Partin has performed with the Pennsylvania Shakespeare Festival, as well as the Shakespeare Theater of New Jersey, the Idaho Shakespeare Festival, the Lake Tahoe Shakespeare Festival, the Shakespeare Theatre Company, and the Milwaukee Repertory Theatre.
Connell‘s acting credits include appearances at the Pennsylvania Shakespeare Festival, as well as Lincoln Center, New York City, the Repertory Theatre of St. Louis, the San Francisco Playhouse, the Gulfshore Playhouse, and the Two River Theatre, among others. He has also appeared on television and film in “Madam Secretary,” “Law and Order,” and “Manhattan Love Story.”
Mendelssohn wrote a part in his “Midsummer Night’s Dream” music for women’s chorus, so joining us for the March 16 and 17 performances will also be the Parkland High School Women’s Chorale with their director Frank Anonia.
Perhaps the most famous and recognizable music from ”A Midsummer Night’s Dream” is the “Wedding Music.” Yes, that piece of music that most people have played as the recessional at their weddings was written by Mendelssohn for the wedding scene in “A Midsummer Night’s Dream.” I love to hear the rustle of recognition go through the audience when we begin that portion.
Sandwiched between our two famous Shakespeare-inspired orchestral works, we will feature the 2018 winner of the Allentown Symphony’s National Schadt String Competition, Canadian violinist Timothy Chooi.
Chooi, 24, is pursuing a master’s degree at the Juilliard School of Music in New York City.
After winning the Schadt competition in Allentown last spring, Chooi went on last fall to win first place in the Joseph Joachim International Violin Competition in Europe, and was awarded a prize of 50,000 euros ($56,727).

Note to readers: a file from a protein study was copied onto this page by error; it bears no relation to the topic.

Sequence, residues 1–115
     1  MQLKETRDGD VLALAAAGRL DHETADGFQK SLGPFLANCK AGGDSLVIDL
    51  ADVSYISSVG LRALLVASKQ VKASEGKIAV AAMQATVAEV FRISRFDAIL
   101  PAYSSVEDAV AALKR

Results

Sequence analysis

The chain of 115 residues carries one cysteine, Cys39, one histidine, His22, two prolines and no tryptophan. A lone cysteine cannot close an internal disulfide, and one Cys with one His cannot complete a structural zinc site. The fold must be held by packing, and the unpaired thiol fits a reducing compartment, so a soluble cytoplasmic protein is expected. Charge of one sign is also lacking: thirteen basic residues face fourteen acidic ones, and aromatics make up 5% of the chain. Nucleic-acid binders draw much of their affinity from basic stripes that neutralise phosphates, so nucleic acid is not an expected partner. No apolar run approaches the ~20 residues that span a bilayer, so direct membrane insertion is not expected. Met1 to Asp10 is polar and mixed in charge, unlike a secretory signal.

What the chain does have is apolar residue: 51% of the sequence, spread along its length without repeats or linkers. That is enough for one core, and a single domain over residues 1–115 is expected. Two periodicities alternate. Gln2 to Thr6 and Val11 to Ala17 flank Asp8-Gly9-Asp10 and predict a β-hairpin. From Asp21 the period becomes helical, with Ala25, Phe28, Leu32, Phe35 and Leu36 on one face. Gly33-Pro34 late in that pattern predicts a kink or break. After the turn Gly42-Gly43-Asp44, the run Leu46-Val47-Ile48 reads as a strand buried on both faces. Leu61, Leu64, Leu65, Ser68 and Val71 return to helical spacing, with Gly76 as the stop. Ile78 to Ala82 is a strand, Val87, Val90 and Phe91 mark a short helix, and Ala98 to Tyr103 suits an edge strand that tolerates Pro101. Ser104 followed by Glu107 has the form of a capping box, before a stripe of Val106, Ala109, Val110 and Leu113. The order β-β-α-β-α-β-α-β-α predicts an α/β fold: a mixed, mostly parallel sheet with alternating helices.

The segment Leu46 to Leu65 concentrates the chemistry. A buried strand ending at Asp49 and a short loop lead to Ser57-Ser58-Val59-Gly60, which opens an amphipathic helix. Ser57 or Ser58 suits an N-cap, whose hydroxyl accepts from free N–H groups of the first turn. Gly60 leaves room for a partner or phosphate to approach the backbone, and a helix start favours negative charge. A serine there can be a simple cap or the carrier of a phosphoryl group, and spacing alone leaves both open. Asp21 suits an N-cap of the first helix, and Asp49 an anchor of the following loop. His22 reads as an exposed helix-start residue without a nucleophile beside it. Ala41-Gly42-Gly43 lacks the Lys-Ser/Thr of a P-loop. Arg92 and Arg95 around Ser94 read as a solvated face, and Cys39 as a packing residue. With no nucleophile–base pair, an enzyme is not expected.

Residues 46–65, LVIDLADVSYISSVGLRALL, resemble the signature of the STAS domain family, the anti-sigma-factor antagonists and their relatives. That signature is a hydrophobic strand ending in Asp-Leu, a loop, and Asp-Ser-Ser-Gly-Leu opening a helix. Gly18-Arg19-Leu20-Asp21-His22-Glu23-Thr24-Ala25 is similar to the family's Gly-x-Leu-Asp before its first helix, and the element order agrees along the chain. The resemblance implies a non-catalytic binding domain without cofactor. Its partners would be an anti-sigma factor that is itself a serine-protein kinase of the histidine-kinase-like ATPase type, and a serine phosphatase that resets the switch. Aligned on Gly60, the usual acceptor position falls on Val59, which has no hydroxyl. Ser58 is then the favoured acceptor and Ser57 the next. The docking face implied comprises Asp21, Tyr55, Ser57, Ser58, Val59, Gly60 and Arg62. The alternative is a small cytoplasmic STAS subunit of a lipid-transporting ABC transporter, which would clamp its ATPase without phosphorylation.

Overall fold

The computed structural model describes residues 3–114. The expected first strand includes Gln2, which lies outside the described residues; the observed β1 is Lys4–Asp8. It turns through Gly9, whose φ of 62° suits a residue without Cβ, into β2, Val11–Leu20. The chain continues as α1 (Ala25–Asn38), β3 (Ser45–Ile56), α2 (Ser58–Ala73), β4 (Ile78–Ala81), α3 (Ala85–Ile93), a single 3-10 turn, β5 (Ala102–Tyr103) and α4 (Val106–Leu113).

He will perform the Bruch Violin Concerto, No.1, written in 1866 and dedicated to the famous violinist of that era, Joseph Joachim, namesake of the violin competition.
Chooi performs on a 1717 Windsor-Weinstein Stradivarius, which is on a three-year loan from the Canada Council for the Arts. He is a rising star and a person that you definitely want to come and hear play in person.
Combine a fabulous violinist with two amazing actors, and the words of William Shakespeare with music by great composers like Tchaikovsky and Mendelssohn, and you have a concert that the entire family will enjoy.
See you at the Symphony!
“Meet the Artist” with Allentown Symphony Music Director-Conductor Diane Wittry, Timothy Chooi, Erin Partin, William Connell, Allentown Symphony Orchestra Conducting Fellow Thomas Taylor Dickey, noon-1 p.m. March 15, Miller Symphony Hall, Allentown. The talk is free and open to the public. Bring your own lunch.
Diane Wittry is Music Director and Conductor of the Allentown Symphony Orchestra, Music Director and Conductor of The Garden State Philharmonic, New Jersey, and author of “Beyond the Baton” and “Baton Basics.” She teaches conducting workshops throughout the United States and Europe.
Tickets: Miller Symphony Hall Box Office, 23 N. Sixth St., Allentown; allentownsymphony.org; 610-432-6715. Free student tickets, for those up to age 21, underwritten by the Century Fund, are available for Allentown Symphony Orchestra concerts.